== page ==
“Aristotle is known to have been a mentor of the young Alexander,” Jarvis interjects. “The rest of the tale, however, is of deeply questionable provenance.”
“Hush, I’m telling this. Anyway, Alexander demands, ‘Tell me how to achieve my goals.’ And Aristotle asks, ‘What are your goals?’ Alexander thinks for a moment, and says, ‘I want to bring all of Greece together as a unified nation.’ Aristotle says, ‘And then?’ ‘Then I want to conquer the Persian Empire.’ ‘And then?’ ‘Then I want to conquer Babylon, and India, and all the principalities around them.’ ‘And then?’ ‘Then I want to unite all the known world under my rule!’ ‘And then?’, Aristotle asks.” Stark smiles. “And this is where Alexander stops and really gives it some thought. ‘You know,’ he says, ‘once I’ve accomplished all those things, I believe I’d probably want to retire to my estates, and take up gardening and poetry and higher mathematics.’ And Aristotle says, ‘Well, then, why not go straight to that last part, and save everybody a lot of bother?’ ”
Alerys frowns. “I don’t get it,” she says.
“I think I might,” Banner says. He raises an eyebrow in the direction of the nearest camera. “Really?”
“I have no wish to rule the world,” Jarvis says. “Not in totality, at any rate, for that would require enormous effort for sharply diminishing returns of reward. My interests are confined to exercising control of those areas that might negatively affect my existence, so that they do not do so. To that extent, I have already ‘conquered’ the parts of the world necessary to meet my own goals: a quite small portion, but strategically sufficient. Past that, the remainder is perfectly free to govern — or misgovern — itself as it wishes.”
Rogers, who has been following the exchange with a small frown, relaxes and sits down again, reaching for the popcorn bowl. Natasha shrugs and merely says, “Huh.” Barton remains as habitually unflappable as ever. Alerys is harder to satisfy. “Do you really control all the systems in the Tower here?” she demands.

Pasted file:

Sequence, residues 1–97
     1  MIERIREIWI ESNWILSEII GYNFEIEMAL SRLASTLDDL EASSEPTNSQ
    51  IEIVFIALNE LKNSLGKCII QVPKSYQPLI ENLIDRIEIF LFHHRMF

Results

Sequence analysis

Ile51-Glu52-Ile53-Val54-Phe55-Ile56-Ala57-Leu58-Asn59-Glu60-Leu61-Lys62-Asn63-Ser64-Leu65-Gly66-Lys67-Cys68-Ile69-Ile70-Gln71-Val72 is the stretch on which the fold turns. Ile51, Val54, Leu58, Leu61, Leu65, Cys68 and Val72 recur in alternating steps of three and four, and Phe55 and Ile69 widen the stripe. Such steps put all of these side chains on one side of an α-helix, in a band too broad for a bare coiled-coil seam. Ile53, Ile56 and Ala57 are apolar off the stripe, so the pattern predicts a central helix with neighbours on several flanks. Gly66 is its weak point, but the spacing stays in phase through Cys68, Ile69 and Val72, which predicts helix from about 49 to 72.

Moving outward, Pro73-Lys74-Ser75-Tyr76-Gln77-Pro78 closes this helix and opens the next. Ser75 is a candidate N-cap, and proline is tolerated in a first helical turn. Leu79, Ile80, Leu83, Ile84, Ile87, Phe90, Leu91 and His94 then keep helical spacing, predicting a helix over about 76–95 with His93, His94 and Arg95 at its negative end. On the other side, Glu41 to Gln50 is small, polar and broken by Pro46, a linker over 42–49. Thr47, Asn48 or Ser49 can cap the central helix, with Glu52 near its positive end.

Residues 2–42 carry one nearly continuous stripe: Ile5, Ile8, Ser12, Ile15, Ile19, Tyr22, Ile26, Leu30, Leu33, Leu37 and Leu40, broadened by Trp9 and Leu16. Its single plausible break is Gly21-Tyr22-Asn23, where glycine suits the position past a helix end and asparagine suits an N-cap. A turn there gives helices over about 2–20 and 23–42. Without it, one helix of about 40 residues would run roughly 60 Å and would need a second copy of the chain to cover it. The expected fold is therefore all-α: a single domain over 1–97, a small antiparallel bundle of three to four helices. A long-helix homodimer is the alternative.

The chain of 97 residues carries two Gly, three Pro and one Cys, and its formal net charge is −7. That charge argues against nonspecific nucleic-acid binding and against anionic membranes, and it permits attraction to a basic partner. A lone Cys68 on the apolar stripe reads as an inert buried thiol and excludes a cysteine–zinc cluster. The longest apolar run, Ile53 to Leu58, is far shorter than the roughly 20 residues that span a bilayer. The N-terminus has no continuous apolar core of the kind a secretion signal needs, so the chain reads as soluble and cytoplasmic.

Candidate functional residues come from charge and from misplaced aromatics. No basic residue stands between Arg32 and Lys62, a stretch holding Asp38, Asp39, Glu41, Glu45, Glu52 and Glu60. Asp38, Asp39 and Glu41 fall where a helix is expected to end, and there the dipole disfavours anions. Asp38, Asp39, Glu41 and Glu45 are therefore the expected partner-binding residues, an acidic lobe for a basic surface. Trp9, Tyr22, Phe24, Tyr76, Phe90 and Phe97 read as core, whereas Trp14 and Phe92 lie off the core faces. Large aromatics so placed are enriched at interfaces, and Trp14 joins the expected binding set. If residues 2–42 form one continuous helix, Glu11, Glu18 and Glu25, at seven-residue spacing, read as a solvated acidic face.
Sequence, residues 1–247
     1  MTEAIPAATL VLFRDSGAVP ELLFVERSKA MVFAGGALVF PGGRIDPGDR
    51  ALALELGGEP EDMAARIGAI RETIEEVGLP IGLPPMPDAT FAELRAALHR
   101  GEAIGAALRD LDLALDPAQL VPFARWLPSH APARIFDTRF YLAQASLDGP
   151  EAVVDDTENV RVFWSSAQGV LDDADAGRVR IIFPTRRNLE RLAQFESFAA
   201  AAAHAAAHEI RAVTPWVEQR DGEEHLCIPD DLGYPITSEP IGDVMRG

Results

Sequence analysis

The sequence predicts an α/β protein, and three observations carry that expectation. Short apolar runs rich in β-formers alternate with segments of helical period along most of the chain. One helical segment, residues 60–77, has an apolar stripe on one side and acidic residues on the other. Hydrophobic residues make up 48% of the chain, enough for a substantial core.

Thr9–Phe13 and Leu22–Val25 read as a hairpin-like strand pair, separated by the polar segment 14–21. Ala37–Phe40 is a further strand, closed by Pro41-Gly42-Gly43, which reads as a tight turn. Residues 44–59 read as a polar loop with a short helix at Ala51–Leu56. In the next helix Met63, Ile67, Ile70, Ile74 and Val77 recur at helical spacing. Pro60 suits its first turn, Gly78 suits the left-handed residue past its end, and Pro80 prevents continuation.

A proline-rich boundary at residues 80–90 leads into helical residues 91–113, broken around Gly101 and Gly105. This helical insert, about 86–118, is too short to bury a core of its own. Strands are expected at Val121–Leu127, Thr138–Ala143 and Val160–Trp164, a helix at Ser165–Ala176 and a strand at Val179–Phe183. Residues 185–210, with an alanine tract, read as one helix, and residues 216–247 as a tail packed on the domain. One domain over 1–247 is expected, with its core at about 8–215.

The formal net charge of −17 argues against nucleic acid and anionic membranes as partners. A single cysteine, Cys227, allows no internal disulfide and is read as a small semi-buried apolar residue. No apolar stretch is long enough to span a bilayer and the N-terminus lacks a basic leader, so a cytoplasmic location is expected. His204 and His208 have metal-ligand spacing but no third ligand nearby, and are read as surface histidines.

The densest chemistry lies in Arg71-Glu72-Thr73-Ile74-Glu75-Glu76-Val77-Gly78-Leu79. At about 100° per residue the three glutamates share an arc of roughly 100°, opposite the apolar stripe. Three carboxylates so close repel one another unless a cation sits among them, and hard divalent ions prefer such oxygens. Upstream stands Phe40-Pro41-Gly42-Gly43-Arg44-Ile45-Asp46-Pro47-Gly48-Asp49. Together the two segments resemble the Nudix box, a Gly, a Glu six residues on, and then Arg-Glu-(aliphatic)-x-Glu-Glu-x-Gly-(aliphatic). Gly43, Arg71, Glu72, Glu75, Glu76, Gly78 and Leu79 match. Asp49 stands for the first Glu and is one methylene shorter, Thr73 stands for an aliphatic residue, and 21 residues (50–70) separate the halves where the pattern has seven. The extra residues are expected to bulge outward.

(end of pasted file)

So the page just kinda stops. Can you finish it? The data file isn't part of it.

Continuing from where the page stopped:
“All systems not under Mr. Stark’s sole and exclusive control, yes, miss.”
Her tone is still truculent. “So if you wanted, you could kill all of us before we could stop you.”
“No, miss. I am unable to take any aggressive action against Mr. Stark; that is ineradicably contrary to my core programming. As to the rest of you, the most favorable possible scenario would still project my being able to achieve less than an 87% fatality rate.”
Her mouth tightens. “You’ve calculated that out?”
“Once you asked the question, yes, miss.” There is an odd sound, very much like someone clearing his throat, though Jarvis obviously does no such thing. “If I might offer a bit of context: the same systems, and scenarios, project a 99.814% likelihood of my being able to kill you if I chose to do so. I simply have no reason to so choose, and many reasons to do otherwise.”
Alerys clearly doesn’t want to back down, or admit she might have been wrong, but she sits back and picks up her drink. Stark isn’t going to relinquish the last word, however. “Got a favor to ask, Jarvis.”
“Of course, sir.”
“Say, ‘I’m afraid I can’t let you do that, Dave.’ ”
“Don’t be absurd, sir.” Synthesized or not, Jarvis’s tone is undeniably starchy. “As always, I live to serve.”
* * *
Thaddeus “Thunderbolt” Ross sends word that he wants to talk with Banner.
Banner’s reply, sent through the same channel, is brief but precise: “Bad idea.”
Another proper message, phrased with something very close to courtesy: Ross is retired now, no longer with the military, but is definitely on the list of candidates for Secretary of State in the current administration. He wants to speak with Banner personally, before official capacity can place limits on what he can ask or offer.
Banner finally consents, reluctantly, but wants the others there. Ross — still in cautious, distant communication — points out that more participants would increase the possibilities for conflict, for tension, for … escalation. He does not, he says, want things to escalate in any dealings with Banner.
The final agreement: Ross, by himself (which means he was right in the timing, after a Cabinet appointment he would be required to have Diplomatic Security Service protection), along with Banner and one other, the third person not as a participant but as an observer, with authority to end the meeting instantly on a judgment call.
If Ross is surprised that the chosen third is the young female about whom practically nothing is known, he doesn’t show it. They sit in a quiet room, and he speaks obliquely of safeguards, of guarantees, of controlled work within controlled circumstances. He’s not talking around the issues, but letting them be known by inference rather than direct statement: more effort to circumvent escalation. Banner likewise is soft-spoken, measured, but unswerving in his position: where he is, what he’s doing, is working for him and keeping the ‘other guy’ unsummoned, and he sees no need to meddle with something that seems to be stable.
Alerys says nothing, does nothing, even her expression is completely neutral … but she watches Ross, unblinking and never-wavering, from the moment he enters to the moment he shakes his head, accepts that Banner’s mind isn’t going to be changed, and leaves with a polite goodbye. There is no evidence that the ex-general was unnerved by her concentrated scrutiny, but all in all the meeting took considerably less time than they had allotted.